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Sheepie
05-06-2001, 09:25 PM
I've been working on the last section of the model editor that I have been working on for the last 5 months now, and have reached another thing that I can't quite understand. I have added support for Keyframe animation and interpolationg the Positional data was easy, however the Rotational data seems to be a bit elusive. Every model that has keyframes defines them as Axis/Angle and I was hoping someone might have a simple function to calculate an interpolated frame from 2 Axis/Angle Keys.

Korval
05-06-2001, 10:49 PM
Sorry, no simple function exists. I would suggest doing what you already know I'm about to say: turn those Ang/Axis rotations into Quaternions and SLERP them.

Olive
05-06-2001, 11:20 PM
You can also linearly interpolate the axis and then linearly interpolate the angle. It works ok visually except for a possible singularity when the axis is (0,0,0). Of course with quaternions you don't have that kind of problem. I was working on a 3DS loader a while ago and I had to work on the rotation key frames and it turned out that SLERPing these rotations didn't give the same result (visually speaking) as 3DS MAX but interpolating separately the axis / angle did.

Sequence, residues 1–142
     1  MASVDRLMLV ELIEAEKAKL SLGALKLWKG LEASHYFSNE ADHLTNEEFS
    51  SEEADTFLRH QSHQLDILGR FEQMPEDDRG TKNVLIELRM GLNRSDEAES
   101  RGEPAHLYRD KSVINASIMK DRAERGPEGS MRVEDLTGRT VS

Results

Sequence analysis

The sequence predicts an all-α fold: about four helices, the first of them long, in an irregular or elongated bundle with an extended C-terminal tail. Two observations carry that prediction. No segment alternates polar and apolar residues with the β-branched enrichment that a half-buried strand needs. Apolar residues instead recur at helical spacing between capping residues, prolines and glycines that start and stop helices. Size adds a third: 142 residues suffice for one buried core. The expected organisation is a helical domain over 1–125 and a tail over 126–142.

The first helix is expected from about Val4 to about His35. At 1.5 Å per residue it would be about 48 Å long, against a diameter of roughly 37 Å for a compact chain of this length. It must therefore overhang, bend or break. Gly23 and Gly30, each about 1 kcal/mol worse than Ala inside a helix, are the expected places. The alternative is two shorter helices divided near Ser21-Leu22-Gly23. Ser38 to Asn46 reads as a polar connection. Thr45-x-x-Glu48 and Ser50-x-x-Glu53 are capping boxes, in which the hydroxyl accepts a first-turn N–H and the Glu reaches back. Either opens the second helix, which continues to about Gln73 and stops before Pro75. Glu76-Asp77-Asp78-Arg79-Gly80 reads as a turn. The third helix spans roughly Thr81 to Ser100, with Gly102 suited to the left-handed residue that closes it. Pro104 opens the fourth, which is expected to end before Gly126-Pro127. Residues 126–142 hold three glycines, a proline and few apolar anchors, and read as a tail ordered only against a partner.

Sheepie
05-07-2001, 12:04 AM
I have downloaded the Quaternion.ps document and realized it was well over my head(mathematically speaking). I do wish to achieve a 3dsMax quality of interpolating as the original models were made in Max. I tried linearly interpolating the Axis/Angle and while this works well for the Angle, perhaps you could give me a hint as to how to properly linearly interpolate the Axis.

I had just hacked something in using the code I used to interpolate the Positional data(knowing it wasn't that simple) just to see, and now the Sub-Objects rotate in odd ways. I figure I am going to need to figure out the Angle of the Axis Vector and the Right angle to the 2 Axis vectors and then figure out the angle increments, but I am lost(whoosh...right over my head) and haven't a clue how to start. My Vector/Matrix math skills are nearly non-existent.

If you guys could point me at some easy to understand tutorials or if you have something simple showing Linear Interpolation for Axis's, I would be very greatful. http://www.opengl.org/discussion_boards/ubb/smile.gif

LordKronos
05-07-2001, 02:24 AM